Annealing is a process of slowly cooling hot glass objects after they have been formed, to relieve residual internal stresses introduced during manufacture. Especially for smaller, simpler objects, annealing may be incidental to the process of manufacture, but in larger or more complex products it commonly demands a special process of annealing in a temperature-controlled kiln
known as a lehr
[E. F. Collins (1921) Electrically heated glass annealing lehr. Journal of the American Ceramic Society 4 (5), pp. 335–349]
Annealing of glass is critical to its durability. Glass that has not been properly annealed retains thermal stresses caused by quenching
, which indefinitely decrease the strength and reliability of the product. Inadequately annealed glass is likely to crack or shatter when subjected to relatively small temperature changes or to mechanical shock or stress. It even may fail spontaneously.
To anneal glass, it is necessary to heat it to its annealing temperature
, at which its viscosity
, η, drops to 1013 Poise
dyne-second/cm²). For most kinds of glass, this annealing temperature is in the range of 454–482 °C (850–900 °F), and is the so-called stress
-relief point or annealing point of the glass. At such a viscosity, the glass is still too hard for significant external deformation
without breaking, but it is soft enough to relax internal strain
s by microscopic flow in response to the intense stresses they introduce internally. The piece then heat-soaks until its temperature is even throughout and the stress relaxation is adequate. The time necessary for this step varies depending on the type of glass and its maximum thickness. The glass then is permitted to cool at a predetermined rate until its temperature passes the strain point (η = 1014.5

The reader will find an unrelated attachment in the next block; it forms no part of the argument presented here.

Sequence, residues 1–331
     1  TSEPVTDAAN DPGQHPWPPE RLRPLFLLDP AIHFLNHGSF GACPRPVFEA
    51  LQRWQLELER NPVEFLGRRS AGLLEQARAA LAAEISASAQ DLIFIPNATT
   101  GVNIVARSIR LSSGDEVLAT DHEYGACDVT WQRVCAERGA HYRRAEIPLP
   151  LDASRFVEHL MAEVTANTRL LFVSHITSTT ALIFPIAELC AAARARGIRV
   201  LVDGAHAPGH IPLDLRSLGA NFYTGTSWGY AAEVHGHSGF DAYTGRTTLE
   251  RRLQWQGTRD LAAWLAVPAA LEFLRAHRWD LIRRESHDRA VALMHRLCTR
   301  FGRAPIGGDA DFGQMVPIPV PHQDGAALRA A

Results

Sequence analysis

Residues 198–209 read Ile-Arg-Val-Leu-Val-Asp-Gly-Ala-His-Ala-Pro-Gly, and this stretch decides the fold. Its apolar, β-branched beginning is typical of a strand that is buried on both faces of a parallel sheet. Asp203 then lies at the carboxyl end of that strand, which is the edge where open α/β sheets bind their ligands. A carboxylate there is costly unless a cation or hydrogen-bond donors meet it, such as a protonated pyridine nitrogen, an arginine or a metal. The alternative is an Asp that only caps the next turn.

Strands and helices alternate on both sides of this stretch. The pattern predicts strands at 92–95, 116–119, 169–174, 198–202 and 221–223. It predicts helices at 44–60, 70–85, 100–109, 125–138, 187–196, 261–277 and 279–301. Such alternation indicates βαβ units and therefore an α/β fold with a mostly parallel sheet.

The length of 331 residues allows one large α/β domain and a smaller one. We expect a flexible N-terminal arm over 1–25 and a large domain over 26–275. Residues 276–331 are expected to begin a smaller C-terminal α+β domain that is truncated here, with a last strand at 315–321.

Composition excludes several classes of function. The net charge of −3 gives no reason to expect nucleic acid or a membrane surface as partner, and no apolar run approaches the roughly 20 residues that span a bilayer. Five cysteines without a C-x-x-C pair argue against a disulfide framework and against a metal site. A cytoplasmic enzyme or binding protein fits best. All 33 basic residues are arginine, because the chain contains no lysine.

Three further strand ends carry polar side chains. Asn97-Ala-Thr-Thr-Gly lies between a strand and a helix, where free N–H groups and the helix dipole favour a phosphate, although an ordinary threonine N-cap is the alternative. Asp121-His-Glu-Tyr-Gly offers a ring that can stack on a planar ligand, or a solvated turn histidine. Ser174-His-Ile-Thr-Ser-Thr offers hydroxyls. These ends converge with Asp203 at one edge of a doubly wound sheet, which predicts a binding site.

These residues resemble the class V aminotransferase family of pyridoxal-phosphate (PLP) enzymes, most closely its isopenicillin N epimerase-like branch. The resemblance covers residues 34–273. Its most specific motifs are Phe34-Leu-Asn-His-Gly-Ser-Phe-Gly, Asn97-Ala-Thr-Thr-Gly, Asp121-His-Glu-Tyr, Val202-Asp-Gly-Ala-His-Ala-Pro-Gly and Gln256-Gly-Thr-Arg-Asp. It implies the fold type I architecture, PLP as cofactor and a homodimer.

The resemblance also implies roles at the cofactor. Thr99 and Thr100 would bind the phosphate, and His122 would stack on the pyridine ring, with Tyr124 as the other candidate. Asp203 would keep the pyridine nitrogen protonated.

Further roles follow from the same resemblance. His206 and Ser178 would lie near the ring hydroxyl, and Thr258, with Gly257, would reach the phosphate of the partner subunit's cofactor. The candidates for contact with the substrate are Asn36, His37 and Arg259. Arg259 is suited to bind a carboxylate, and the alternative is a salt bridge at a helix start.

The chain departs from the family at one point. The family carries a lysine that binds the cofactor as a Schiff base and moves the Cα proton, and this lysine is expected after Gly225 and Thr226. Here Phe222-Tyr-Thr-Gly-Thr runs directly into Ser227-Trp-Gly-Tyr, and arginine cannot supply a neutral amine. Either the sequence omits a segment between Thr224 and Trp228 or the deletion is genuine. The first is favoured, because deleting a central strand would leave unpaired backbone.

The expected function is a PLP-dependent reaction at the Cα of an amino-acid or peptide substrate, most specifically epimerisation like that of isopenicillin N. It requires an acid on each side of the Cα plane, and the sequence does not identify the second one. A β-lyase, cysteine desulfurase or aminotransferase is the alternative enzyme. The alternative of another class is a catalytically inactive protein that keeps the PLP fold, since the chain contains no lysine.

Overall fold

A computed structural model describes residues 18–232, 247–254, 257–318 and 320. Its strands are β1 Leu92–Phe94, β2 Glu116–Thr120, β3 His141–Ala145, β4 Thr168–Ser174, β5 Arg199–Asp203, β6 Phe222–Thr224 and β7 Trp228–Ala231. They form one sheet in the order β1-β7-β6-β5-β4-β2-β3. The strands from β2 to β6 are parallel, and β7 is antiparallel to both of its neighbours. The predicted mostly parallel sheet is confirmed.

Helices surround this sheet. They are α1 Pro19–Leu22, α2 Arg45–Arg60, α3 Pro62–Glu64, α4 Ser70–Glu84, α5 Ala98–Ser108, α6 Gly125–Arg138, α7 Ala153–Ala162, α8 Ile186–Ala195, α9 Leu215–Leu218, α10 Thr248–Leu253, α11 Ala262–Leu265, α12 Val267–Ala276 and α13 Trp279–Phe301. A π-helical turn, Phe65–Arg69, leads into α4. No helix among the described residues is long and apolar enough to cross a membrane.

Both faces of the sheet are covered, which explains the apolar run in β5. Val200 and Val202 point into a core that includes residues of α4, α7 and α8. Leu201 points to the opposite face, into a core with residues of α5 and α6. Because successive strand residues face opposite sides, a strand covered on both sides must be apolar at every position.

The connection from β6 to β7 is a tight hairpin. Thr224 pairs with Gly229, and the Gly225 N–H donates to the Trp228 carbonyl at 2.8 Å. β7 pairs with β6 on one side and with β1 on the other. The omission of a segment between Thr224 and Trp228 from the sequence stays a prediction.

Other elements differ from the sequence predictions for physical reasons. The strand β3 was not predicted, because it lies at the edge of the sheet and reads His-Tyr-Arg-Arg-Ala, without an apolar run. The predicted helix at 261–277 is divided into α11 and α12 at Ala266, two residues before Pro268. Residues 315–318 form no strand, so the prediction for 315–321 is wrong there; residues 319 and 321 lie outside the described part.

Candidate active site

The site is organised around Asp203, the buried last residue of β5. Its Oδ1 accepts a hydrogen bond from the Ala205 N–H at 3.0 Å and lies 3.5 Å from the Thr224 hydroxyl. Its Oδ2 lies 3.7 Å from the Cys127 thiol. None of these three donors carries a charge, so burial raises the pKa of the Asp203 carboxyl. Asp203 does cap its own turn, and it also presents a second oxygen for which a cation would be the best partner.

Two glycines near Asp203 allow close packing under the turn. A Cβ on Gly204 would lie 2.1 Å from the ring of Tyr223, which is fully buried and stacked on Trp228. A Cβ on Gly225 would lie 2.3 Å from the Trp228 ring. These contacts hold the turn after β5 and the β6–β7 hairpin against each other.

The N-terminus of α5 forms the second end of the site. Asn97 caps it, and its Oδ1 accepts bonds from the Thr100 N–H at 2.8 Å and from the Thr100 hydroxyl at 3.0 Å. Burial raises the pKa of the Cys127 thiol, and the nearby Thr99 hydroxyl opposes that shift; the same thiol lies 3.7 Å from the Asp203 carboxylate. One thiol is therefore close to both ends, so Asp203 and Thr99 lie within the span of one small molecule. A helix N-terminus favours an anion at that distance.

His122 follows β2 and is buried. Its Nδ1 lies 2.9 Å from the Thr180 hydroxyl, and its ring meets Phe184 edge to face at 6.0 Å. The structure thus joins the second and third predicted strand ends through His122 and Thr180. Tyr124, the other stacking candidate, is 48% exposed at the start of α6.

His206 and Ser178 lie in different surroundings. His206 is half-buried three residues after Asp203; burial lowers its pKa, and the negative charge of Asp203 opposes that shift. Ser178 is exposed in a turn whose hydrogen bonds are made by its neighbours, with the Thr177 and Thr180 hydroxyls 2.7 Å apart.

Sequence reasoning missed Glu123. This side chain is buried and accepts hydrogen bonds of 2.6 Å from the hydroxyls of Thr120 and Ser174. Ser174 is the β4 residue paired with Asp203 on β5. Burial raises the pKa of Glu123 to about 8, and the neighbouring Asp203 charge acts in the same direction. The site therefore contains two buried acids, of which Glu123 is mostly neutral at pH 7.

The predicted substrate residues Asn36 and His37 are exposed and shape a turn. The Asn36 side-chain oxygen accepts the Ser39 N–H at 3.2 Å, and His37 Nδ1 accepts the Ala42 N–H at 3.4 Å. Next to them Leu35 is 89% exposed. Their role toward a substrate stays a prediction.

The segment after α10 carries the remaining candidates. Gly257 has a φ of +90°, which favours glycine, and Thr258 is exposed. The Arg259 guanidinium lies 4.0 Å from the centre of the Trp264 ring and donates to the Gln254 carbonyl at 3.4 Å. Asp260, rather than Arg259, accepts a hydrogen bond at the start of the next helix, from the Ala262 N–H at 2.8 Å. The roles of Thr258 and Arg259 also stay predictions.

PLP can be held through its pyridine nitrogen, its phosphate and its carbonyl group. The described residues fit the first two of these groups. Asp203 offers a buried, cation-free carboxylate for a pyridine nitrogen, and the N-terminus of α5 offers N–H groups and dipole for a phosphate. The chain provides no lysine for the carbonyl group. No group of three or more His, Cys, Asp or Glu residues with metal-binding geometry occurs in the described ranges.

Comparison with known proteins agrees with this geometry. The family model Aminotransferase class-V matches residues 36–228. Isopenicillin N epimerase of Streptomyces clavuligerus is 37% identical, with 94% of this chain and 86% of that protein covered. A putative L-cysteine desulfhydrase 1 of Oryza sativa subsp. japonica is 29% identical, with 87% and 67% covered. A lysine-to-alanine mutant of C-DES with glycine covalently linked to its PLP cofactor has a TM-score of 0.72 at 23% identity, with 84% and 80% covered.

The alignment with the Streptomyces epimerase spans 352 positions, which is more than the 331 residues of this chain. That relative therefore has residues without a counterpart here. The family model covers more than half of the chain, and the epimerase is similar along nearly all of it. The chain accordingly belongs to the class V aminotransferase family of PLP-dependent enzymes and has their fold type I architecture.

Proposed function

Poise), below which even microscopic internal flow effectively stops and annealing stops with it. It then is safe to cool the product to room temperature
at a rate limited by the heat capacity
, thickness, thermal conductivity
, and thermal expansion coefficient
of the glass. After annealing is complete the material can be cut to size, drilled, or polished without risk of its internal stresses shattering it.
At the ''annealing point'' (η = 1013
Poise), stresses relax within several minutes, while at the ''strain point'' (η = 1014.5
Poise) stresses relax within several hours.
[Werner Vogel: "Glass Chemistry"; Springer-Verlag Berlin and Heidelberg GmbH & Co. K; 2nd revised edition (November 1994), ]
Stresses acquired at temperatures above the strain point, and not relaxed by annealing, remain in the glass indefinitely and may cause either short-term or much delayed failure. Stresses resulting from cooling too rapidly below the strain point largely are considered temporary, although they may be adequate to promote short-term failure.
*For other important temperatures in glass processing, see viscous liquid
*Fabrication and testing (optical components)
Category:Glass engineering and science